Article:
Our consultants, Parsons Gruen, and MIG, took everything they had learned from working on the sbX project and compiled it into a toolkit. Now when designers, consultants, developers, city staff or others have questions about how to make these things work, they can refer to this toolkit for answers. City staff has already made a lot of use of it because cities like Highland, Ontario, and Fontana are doing their own BRT studies now. They’ve been able to integrate it into what they’re planning instead of reinventing the wheel.

Right now the Omnitrans Transit Design Guidelines is a PDF document, but we’re working on setting it up as an online interactive tool as well.”

What do you like best about being a planning project manager?

“I actually think I enjoy the smaller projects the most because they are more tangible and can be completed in a faster time frame. Recently I worked with several cities and our planning interns Allison and Alvaro to complete a grant application for SANBAG funds to improve pedestrian access to bus stops, including replacing and constructing new sidewalks.  Improving pedestrian infrastructure is extremely important.

Anna Rahtz and Omnitrans Planning Director Rohan Kuruppu

Can you tell us a little about any major upcoming projects?

“One of the main projects we will be kicking off in the next couple of months is the route 61 corridor through Pomona, Montclair, Ontario, Rancho Cucamonga and Fontana.

The current 61 is our highest ridership corridor with more than 6,000 boardings a day. We’re looking at ways to speed it up because it currently takes about an hour and a half to go from one end of the corridor to the other. There are 92 stops in the 20 miles.

Our consultants Parsons are doing an alternatives analysis so we can determine the best way to tackle the issue. One of the biggest criteria for federal funding is cost effectiveness. So we look at what the cost would be of various measures we could use, such as transit signal priority, dedicated bus lanes, or just reducing the number of stops. The corridor could also be developed in phases–maybe by incorporating a limited stop express bus and later transitioning to bus rapid transit. We look at the cost of all these things and how it would impact both ridership and the movement of traffic along the corridor.”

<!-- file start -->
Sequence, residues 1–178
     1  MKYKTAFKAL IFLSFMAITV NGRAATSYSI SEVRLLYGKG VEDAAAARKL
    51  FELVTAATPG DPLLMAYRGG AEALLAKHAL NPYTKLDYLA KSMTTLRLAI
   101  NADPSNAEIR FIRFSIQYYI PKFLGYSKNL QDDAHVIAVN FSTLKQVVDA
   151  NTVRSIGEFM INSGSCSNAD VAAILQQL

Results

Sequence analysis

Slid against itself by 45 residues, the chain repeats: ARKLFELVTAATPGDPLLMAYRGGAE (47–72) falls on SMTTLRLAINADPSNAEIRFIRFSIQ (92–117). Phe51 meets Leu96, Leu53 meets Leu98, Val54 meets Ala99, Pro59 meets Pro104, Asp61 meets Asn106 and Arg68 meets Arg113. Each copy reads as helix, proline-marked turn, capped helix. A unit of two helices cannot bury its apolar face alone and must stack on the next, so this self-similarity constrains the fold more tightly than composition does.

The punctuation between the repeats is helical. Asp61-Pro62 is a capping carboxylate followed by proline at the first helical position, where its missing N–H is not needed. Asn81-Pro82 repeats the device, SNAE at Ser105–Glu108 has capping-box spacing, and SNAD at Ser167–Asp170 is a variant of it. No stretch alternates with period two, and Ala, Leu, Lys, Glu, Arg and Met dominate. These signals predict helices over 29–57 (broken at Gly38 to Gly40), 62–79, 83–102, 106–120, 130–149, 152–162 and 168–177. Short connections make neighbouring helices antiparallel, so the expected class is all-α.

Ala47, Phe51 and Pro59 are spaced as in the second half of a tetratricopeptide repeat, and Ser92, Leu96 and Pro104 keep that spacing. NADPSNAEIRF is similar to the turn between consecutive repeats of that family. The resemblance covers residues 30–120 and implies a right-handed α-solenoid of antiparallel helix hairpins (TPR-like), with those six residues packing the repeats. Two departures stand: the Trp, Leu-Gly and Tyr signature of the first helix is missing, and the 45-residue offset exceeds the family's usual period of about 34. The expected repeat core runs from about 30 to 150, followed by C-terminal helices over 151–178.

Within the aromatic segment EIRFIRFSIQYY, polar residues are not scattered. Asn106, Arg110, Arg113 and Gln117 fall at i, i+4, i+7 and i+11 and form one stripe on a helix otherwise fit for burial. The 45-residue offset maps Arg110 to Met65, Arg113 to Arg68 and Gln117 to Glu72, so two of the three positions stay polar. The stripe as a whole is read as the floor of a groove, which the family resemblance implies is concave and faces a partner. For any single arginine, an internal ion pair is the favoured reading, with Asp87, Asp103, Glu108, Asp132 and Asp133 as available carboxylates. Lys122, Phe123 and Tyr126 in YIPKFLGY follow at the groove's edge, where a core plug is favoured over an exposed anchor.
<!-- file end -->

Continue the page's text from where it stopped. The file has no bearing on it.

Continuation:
Why not just put another bus in service on the corridor?

“Frequency helps a lot, but we also have to focus on decreasing the amount of time it takes for the bus to get through the corridor because, as traffic congestion worsens, our buses slow down. Alternatives like dedicated bus lanes and traffic signal priority help the buses move much more quickly.”

I know you regularly use public transit yourself. Do you feel it’s important for you to do that? Is it a personal or professional choice?

“Both. I’ve always taken transit whenever I could ever since I was in grad school.  As a student, I was dependent on the bus. I don’t really like driving a whole lot to begin with, and driving is getting more and more expensive.  So I think it’s really important to have options. I prefer riding my bicycle, taking the bus, or both, whenever possible. I find that bus riders are like a community, and the people are generally pretty courteous to each other.

As a transit planner, I do think you have to be a rider in order to understand how a rider experiences the system. I find I am constantly taking my observations as a rider and applying them to my planning projects. That’s why all of us in the planning department ride all the routes in the system regularly.

Do you use NexTrip when you’re traveling?

“Yes. It’s actually been working out for me very well. I can use it to see when the next bus is arriving at the stop so I know how long I have to wait for a transfer. Then I can decide whether it’s faster to catch the bus there or if I should bike over to an alternative stop instead. It’s a huge help to be able to access live bus information from your phone. ”